IE 11 is not supported. For an optimal experience visit our site on another browser.

U.S. companies put little capital into Iraq

Postwar Iraq was supposed to be a bonanza for American companies. The administration characterized the more than $21 billion Congress allocated to the reconstruction as a down payment, an initial investment that would spark the economy and bring riches to the Iraqi people as well as American entrepreneurs. The reality a year after President Bush declared the end of major combat is far different.
Iraq Economy struggle
Workers from Ishtar, a shop for electric goods in Baghdad, wait for customers on al Karrada Street in March.Sylwia Kapuscinski / Abaca file
/ Source: a href="http://www.washingtonpost.com/wp-srv/front.htm" linktype="External" resizable="true" status="true" scrollbars="true">The Washington Post</a

Commerce is thriving on Saddoun Street again, and its storefronts have the feel of a global bazaar. Glossy billboards show off electronics from South Korea. Vendors hawk cell phone service from Egypt. Corner groceries stock ice cream from the United Arab Emirates.

Conspicuously absent: U.S. brands.

Postwar Iraq was supposed to be a bonanza for American companies. The Commerce Department hosted a series of conferences attended by thousands who dreamed of investment opportunities promised by a free Iraq. The administration characterized the more than $21 billion Congress allocated to the reconstruction as a down payment, an initial investment that would spark the economy and bring riches to the Iraqi people as well as American entrepreneurs.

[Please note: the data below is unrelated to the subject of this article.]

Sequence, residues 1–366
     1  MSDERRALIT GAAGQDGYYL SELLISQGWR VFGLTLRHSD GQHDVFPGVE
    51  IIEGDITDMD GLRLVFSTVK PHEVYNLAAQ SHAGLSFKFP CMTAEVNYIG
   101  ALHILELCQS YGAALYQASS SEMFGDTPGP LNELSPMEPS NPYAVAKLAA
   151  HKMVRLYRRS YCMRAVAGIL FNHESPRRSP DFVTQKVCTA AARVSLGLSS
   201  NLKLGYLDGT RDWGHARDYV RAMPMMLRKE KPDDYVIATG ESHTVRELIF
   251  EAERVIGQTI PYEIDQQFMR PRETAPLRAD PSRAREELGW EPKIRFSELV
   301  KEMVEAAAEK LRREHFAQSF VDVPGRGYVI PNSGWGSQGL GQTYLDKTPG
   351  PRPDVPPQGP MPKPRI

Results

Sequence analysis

The reality a year after President Bush declared the end of major combat is far different.

Though many dozens of U.S. corporations have government contracts to help rebuild the country, relatively few American companies have invested their own capital. The volatile security situation has kept many potential investors away, and even as the U.S.-led coalition government has called on businesses to come to Iraq, the State Department has warned Americans to stay out of the country.

The beheading of Pennsylvania businessman Nicholas Berg, broadcast this week in a video on the Web, put a face on the dangers facing private entrepreneurs trying to operate independently in Iraq. Berg's family said he was inspired to go to Iraq after attending a government-sponsored trade fair for potential investors. But when he arrived in Iraq and met with State Department officials, they begged him to go home and even offered him a plane ride.

Commerce Department officials say they still encourage investment in Iraq and believe the country is hospitable to U.S. businesses. William H. Lash III, assistant secretary of commerce and chairman of the department's Iraq Investment and Reconstruction Task Force, said that when he was last in Iraq, in February, he "was out and about without a [flak] vest walking around the markets with an American flag." He said this week that it's difficult to assess whether he would still do that if he went back today but that companies should look at investing in Iraq "not only an economic opportunity but a moral imperative."

But, Lash cautioned, "if you're going to do large-scale investment in Iraq, if you are going to engage in reconstruction, we have to say it's prudent to have your own security consultant."